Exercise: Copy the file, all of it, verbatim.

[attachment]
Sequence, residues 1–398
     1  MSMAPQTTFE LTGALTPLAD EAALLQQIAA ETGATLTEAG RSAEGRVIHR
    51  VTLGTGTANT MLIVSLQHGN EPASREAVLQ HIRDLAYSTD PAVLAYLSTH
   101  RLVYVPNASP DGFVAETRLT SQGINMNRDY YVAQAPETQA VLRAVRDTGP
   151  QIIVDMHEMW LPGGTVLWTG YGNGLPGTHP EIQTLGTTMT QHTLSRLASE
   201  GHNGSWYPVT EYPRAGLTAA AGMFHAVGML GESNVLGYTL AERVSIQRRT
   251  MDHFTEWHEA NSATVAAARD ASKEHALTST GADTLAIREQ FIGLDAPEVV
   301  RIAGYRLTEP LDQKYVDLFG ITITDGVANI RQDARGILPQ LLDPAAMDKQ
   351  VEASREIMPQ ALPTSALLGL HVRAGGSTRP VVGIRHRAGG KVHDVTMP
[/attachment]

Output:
Sequence, residues 1–398
     1  MSMAPQTTFE LTGALTPLAD EAALLQQIAA ETGATLTEAG RSAEGRVIHR
    51  VTLGTGTANT MLIVSLQHGN EPASREAVLQ HIRDLAYSTD PAVLAYLSTH
   101  RLVYVPNASP DGFVAETRLT SQGINMNRDY YVAQAPETQA VLRAVRDTGP
   151  QIIVDMHEMW LPGGTVLWTG YGNGLPGTHP EIQTLGTTMT QHTLSRLASE
   201  GHNGSWYPVT EYPRAGLTAA AGMFHAVGML GESNVLGYTL AERVSIQRRT
   251  MDHFTEWHEA NSATVAAARD ASKEHALTST GADTLAIREQ FIGLDAPEVV
   301  RIAGYRLTEP LDQKYVDLFG ITITDGVANI RQDARGILPQ LLDPAAMDKQ
   351  VEASREIMPQ ALPTSALLGL HVRAGGSTRP VVGIRHRAGG KVHDVTMP